Confurius loves to identify with characters when it comes to roles, “to understand why they do what they do,” so in FOG IN AUGUST (Kai Wessel 2015), “I played a nurse that euthanizes Nazi Germany’s children. It was a common question that I received about whether it was scary to take on a role such as this. I did not condemn her at the beginning, but tried to understand why she does what he does. It is easy to point out that she did something wrong later. She continues. “If you only say that someone is good or evil, then you end up creating a cartoon character.”
She is first given a script, which Henriette Confurius reads, and then she begins to color it. She says, “It’s true,” and she then explains that I divide the role into different colors. I mark the scenes in which my character is deep, cares about something, or free. (That’s yellow). Fear and self-suppression are red and funny is blue. This helps you quickly identify the emotions. Then she meets the director who has a totally different idea. It can change so quickly. I need someone who can help me and not take over the job. When I trust the director, I can change colors so that yellow can become blue.
She is a keen cinemagoer and cites Philip Seymour Hoffmann, who she considers an actor who impressed her. However, she also finds him frightening. Many of the actors who impress me also scares me. Joaquin Phoenix is a great example of someone who gives everything to the role. Natalie Portman is a great example of this feeling. However, Natalie Portman can also take care herself.
She has a wish list for a science-fiction film. “I’d love one of those,” she said. Her hobbies and interests keep her busy: “I like to travel alone, often where there is hiking.” I enjoy cycling and I love to be active. Painting is something I enjoy as well. My father was a great painter and did a lot of things with us when we were children. Don’t forget furniture restoration.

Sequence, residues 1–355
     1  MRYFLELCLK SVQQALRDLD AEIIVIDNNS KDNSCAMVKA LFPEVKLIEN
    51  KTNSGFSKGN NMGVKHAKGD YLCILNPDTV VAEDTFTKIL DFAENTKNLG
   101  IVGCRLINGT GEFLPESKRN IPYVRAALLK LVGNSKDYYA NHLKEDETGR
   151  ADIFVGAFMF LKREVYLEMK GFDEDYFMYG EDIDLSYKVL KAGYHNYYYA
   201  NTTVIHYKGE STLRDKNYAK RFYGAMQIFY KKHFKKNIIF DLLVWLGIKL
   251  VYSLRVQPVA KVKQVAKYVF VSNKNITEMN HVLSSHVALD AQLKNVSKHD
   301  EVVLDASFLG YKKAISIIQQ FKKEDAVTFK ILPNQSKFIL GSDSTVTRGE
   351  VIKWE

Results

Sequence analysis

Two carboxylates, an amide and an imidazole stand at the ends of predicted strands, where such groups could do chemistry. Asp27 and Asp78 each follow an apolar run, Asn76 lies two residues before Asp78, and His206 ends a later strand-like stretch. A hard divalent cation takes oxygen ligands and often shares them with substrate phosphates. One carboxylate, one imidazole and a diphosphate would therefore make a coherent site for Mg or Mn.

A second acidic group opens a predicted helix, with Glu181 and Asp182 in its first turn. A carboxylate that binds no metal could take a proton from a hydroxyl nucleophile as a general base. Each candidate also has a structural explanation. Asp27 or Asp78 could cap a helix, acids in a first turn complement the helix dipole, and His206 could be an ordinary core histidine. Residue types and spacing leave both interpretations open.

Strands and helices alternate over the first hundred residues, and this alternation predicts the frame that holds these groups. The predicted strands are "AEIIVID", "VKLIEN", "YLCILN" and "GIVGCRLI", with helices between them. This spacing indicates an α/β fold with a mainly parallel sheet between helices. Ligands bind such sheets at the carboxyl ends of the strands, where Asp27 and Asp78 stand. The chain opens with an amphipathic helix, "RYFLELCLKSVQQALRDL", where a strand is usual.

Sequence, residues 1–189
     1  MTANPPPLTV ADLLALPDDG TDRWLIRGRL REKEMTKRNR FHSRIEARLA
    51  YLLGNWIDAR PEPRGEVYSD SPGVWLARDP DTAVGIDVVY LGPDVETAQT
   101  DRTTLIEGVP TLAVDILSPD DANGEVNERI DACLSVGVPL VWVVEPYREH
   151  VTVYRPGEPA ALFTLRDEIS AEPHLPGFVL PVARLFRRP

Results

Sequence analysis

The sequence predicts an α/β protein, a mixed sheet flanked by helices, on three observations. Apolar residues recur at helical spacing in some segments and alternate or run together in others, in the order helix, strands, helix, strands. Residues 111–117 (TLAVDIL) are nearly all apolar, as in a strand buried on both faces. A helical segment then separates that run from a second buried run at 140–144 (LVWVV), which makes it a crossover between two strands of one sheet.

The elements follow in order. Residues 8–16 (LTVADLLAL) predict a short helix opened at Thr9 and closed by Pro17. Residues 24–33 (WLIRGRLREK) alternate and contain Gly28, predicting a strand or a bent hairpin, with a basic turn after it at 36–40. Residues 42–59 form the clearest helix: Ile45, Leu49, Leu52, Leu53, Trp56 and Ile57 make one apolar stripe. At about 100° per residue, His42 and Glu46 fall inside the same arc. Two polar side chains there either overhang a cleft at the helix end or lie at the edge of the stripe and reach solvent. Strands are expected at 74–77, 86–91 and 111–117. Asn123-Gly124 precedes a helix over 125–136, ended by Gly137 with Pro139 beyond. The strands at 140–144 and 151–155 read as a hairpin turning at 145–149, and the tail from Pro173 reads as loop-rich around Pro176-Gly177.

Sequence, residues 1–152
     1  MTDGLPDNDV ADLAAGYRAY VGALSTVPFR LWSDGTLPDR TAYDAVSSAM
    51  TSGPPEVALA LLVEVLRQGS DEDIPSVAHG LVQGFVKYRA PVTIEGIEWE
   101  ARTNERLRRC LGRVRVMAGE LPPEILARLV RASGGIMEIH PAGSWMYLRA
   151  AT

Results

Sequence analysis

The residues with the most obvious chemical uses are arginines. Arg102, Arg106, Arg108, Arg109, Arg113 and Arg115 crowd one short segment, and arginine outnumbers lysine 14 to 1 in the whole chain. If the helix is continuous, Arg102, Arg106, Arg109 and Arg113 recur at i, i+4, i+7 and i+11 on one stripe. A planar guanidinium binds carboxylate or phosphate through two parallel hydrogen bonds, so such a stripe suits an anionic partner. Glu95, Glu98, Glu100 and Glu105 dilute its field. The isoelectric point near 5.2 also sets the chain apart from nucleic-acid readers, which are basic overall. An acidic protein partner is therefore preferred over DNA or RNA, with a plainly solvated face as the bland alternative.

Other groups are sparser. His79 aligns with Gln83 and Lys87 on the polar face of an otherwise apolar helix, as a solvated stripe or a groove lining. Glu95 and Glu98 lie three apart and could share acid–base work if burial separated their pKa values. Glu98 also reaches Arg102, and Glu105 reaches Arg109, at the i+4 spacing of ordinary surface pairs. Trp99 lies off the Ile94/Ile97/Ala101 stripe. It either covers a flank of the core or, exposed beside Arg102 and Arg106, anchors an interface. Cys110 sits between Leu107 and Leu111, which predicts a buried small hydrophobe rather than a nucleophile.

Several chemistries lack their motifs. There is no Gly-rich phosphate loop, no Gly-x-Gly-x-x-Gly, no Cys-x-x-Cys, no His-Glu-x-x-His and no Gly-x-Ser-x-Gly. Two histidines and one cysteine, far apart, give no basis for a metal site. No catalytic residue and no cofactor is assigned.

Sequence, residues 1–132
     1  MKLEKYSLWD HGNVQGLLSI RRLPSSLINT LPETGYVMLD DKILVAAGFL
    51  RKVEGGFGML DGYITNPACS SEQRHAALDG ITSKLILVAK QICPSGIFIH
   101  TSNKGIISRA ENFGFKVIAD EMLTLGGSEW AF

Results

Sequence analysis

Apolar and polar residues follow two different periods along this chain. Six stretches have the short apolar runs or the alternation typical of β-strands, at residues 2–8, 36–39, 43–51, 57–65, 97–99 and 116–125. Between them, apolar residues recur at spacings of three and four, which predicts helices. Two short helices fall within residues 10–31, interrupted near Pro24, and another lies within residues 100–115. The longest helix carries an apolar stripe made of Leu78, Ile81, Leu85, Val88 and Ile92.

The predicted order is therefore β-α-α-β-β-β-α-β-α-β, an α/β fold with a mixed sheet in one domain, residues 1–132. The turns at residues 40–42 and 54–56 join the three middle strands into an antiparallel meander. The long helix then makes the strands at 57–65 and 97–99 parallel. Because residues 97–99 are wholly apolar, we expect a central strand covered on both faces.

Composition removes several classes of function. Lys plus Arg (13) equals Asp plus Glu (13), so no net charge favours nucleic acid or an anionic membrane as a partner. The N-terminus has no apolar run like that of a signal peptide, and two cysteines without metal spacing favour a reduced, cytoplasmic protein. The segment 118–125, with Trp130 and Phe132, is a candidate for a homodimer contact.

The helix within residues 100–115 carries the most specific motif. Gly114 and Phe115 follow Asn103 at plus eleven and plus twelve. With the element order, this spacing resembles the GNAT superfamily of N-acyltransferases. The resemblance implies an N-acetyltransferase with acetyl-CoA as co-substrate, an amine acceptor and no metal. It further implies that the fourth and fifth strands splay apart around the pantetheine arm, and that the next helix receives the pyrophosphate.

She was also nominated for the Bavarian Television Award in the same category as her role in TANNBACH – SCHICKSAL INES DORFES, and won the Bambi 2015 Award for Best Actress. Alexander Dierbach directed the episodes, which will air in January 2018. “This is the story about a German village between 1945 and 1968,” she explained. “In the first part, I was a 17-year-old girl. The last part was my 40th birthday and I was the mother of three kids.
“The Iron Curtain has divided the village. She continues, “One side builds socialism and the other doesn’t.” There are no good or poor people. It is all about the village’s history, from many perspectives. People act according to what they have experienced and believed in the past. I was not born before the Wall fell so I didn’t know what it was like. For example, my grandparents never spoke about the past.
The surreal begins… I was given a gorgeous dress and picked up by a limousine. The more I got closer to the whole thing, the more I wanted to stay. I was so embarrassed that I chose to wear jeans and a Tshirt. Security then told me to stand behind the rope and get off the red carpet. Then I won and had to take the stage. I was so unprepared that I forgot to thank all those who helped me on TANNBACH. It was not my best performance, and I am sorry. But it was a great honor and I love my little Golden Bambi. I’ll do better next time.”
Another lesson that I learned from my own experience, but with the right conclusions. That is Henriette Confurius ability to continuously shiratorizawa improve her personal and professional performance, or Kaizen, as the Japanese refer to it. It is now time to get off all the layers and ride her bike. There is an urgent child’s chair in need of her attention.